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St. Catherine of Siena

Saint Catherine of Siena


Catherine was born in the year of Our Lord 1347, to a large and devout family in Siena, Italy. While still a child, she privately consecrated her virginity to God. Her parents later decided that she should marry, and for some time they and her many siblings were a great cross to Catherine. Yet through prayer and sacrifice Catherine won over her father, and she joined the Dominicans at the age of eighteen. For three years she lived in solitude, experiencing great spiritual ecstasies, until she returned to her family and the outside world. Catherine was greatly devoted to the sick and poor, and labored hard for conversions. She endured great penances and mortifications, both voluntary and involuntary, and she was graced with the glorious pain of bearing the stigmata, though at her request the wounds were never visible before her death. Catherine also served the Church as a diplomat and ambassador, and played a key role in the return of the Papacy from Avignon to Rome. She died in the year of Our Lord 1380, and was declared a Doctor of the Church in 1970. Her feast is celebrated on April 29th in the modern calendar.


Traditional Roman Martyrology for April 30th

AT Rome, St. Catherine of Siena, virgin, of the Order of St. Dominic, renowned for her life and miracles. She was inscribed among the canonized virgins by Pius II.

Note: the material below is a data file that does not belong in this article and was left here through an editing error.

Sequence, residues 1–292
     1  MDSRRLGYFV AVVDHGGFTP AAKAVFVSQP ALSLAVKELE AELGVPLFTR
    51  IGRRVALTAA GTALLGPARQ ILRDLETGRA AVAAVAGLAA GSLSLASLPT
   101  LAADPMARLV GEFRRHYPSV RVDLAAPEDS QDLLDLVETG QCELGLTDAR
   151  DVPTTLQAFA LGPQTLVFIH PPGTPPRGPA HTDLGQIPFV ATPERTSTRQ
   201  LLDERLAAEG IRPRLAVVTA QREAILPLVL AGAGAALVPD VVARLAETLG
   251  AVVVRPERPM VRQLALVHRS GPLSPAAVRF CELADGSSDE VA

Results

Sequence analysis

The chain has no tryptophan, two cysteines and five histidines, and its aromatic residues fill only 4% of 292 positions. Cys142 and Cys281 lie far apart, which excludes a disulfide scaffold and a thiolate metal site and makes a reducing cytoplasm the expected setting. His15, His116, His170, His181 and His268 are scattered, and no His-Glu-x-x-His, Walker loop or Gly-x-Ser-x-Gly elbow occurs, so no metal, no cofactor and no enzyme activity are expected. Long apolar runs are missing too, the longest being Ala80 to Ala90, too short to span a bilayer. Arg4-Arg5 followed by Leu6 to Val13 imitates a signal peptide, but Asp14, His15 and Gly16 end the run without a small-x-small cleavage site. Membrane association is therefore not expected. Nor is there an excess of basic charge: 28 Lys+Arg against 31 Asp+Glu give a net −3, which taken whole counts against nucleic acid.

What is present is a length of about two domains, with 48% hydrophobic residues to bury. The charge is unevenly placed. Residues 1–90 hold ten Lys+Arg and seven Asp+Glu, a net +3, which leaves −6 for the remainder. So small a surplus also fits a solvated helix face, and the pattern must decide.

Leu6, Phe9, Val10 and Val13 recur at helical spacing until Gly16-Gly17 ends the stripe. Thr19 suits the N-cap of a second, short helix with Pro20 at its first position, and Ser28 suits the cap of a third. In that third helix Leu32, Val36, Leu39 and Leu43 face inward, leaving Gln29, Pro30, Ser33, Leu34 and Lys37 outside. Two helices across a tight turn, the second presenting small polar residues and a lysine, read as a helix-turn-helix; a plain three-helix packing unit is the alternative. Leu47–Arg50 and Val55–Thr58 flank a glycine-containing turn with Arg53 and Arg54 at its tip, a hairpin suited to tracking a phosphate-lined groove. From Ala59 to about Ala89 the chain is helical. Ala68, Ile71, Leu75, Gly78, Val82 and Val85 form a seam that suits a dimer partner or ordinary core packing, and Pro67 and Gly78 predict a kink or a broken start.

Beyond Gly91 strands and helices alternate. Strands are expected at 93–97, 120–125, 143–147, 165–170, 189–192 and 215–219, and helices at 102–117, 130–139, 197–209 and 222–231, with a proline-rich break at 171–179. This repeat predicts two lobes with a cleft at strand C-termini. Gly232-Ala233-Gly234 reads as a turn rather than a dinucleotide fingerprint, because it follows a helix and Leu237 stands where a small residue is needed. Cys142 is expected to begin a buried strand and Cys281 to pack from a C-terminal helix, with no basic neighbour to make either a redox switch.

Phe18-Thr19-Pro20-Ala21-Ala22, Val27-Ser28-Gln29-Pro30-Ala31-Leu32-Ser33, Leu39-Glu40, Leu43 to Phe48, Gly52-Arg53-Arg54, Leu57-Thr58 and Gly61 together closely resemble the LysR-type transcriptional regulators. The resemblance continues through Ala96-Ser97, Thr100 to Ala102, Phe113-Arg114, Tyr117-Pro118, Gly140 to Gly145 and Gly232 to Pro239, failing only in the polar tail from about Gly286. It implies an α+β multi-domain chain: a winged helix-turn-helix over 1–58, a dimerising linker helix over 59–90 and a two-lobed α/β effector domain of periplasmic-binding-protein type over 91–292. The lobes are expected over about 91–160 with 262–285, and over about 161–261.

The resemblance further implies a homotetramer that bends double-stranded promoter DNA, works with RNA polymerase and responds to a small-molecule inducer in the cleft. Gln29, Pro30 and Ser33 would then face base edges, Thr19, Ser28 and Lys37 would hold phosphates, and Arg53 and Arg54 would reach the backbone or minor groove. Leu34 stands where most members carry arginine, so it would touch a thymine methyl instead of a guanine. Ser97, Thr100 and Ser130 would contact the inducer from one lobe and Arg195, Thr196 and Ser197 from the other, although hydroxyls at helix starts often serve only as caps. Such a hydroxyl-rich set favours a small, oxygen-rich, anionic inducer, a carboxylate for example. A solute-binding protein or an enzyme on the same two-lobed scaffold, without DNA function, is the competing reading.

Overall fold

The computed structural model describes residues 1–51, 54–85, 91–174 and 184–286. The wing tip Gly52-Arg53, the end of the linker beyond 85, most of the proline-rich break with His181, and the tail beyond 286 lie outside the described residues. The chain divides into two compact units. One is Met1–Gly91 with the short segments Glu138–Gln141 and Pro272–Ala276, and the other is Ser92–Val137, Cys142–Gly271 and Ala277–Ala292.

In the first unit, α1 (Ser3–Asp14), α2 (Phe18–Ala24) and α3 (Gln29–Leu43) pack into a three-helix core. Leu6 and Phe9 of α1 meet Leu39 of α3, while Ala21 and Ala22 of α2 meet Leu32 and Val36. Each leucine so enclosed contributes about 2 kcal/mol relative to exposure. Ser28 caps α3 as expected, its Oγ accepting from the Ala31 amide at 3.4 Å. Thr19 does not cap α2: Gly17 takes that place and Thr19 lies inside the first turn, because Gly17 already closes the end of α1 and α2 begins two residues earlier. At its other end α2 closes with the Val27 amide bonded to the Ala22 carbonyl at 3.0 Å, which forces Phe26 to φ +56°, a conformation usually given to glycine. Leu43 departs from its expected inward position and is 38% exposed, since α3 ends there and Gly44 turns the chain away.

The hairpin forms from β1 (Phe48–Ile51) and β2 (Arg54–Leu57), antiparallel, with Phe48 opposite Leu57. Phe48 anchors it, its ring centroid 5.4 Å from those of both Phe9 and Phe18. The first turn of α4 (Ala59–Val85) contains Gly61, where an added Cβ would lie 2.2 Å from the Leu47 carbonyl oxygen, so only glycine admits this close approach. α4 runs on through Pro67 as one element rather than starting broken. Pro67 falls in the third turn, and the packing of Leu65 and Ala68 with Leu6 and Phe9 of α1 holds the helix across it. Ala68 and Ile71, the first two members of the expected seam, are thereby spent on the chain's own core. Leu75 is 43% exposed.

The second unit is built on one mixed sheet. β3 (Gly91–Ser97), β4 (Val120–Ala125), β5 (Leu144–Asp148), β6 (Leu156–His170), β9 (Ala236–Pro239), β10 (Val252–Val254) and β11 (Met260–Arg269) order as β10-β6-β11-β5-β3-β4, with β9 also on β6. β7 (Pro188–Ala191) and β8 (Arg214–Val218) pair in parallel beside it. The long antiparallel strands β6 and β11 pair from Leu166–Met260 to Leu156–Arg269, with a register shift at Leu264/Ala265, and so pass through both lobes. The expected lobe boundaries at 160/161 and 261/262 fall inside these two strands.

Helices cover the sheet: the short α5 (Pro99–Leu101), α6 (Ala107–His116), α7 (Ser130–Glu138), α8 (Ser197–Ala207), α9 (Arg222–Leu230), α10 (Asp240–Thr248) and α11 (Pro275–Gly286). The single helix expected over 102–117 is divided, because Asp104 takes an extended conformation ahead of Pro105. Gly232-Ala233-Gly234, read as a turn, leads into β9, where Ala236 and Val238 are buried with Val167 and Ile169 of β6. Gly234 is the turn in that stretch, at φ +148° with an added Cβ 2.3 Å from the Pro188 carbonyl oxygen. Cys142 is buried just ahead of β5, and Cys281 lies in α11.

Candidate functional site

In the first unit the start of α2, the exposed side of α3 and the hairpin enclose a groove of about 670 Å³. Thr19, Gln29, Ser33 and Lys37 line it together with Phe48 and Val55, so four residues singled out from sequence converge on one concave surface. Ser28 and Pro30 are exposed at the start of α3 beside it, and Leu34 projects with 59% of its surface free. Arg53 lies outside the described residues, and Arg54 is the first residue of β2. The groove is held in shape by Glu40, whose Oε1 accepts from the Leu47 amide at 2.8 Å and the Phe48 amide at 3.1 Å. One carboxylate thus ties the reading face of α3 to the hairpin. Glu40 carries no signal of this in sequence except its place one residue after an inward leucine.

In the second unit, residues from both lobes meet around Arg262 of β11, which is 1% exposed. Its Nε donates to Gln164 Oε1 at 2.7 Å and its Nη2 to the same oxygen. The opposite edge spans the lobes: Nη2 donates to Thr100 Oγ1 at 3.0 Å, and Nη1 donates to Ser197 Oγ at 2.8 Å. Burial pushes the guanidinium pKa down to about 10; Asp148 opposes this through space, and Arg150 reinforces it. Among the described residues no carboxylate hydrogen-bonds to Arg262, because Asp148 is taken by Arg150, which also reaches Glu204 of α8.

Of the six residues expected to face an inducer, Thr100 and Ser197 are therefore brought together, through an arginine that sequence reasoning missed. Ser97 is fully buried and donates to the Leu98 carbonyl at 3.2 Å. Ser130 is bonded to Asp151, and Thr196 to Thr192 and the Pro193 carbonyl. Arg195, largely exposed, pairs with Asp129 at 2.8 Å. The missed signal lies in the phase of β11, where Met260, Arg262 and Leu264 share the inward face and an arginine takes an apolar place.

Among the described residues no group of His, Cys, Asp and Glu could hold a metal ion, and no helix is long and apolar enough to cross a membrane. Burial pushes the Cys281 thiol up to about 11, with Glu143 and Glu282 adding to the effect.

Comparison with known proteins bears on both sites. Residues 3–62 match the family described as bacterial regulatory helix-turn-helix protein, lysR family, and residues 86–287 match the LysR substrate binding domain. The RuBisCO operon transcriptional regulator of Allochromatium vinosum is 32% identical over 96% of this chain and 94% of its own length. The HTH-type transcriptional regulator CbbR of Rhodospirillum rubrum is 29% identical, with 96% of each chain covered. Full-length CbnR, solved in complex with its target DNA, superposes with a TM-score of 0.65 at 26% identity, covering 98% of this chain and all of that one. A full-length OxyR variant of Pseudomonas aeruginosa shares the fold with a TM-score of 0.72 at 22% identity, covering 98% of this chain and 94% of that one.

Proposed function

At Lambesa, in Numidia, the birthday of the holy martyrs Marian, lector, and James, deacon. The former, after having successfully endured vexations for the confession of Christ, in the persecution of Decius, was again arrested with his illustrious companion, and both being subjected to severe and cruel torments, during which they were twice miraculously comforted from heaven, finally fell by the sword with many others.

At Saintes, blessed Eutropius, bishop and martyr, who was consecrated bishop and sent to Gaul by St. Clement. After preaching for many years, he had his skull crushed for bearing testimony to Christ, and thus gained a victory by his death.

At Cordova, the holy martyrs Amator, priest, Peter, monk, and Lewis.

At Novara, the martyrdom of the holy priest Lawrence, and some boys, whom he was educating.

At Alexandria, the holy martyrs Aphrodisius, priest, and thirty others.

At Ephesus, St. Maximus, martyr, who was crowned in the persecution of Decius.

At Fermo, in the Marches, St. Sophia, virgin and martyr.

At Naples, in Campania, St. Severus, bishop, who, among other prodigies, raised for a short time a dead man from the grave, in order to convict of falsehood the lying creditor of a widow and her children.

At Evorea, in Epirus, St. Donatus, a bishop, who was eminent for sanctity in the time of the emperor Theodosius.

At London, in England, St. Erconwald, a bishop celebrated for many miracles.

℣. And elsewhere many other holy martyrs, confessors, and holy virgins.

℟. Thanks be to God.

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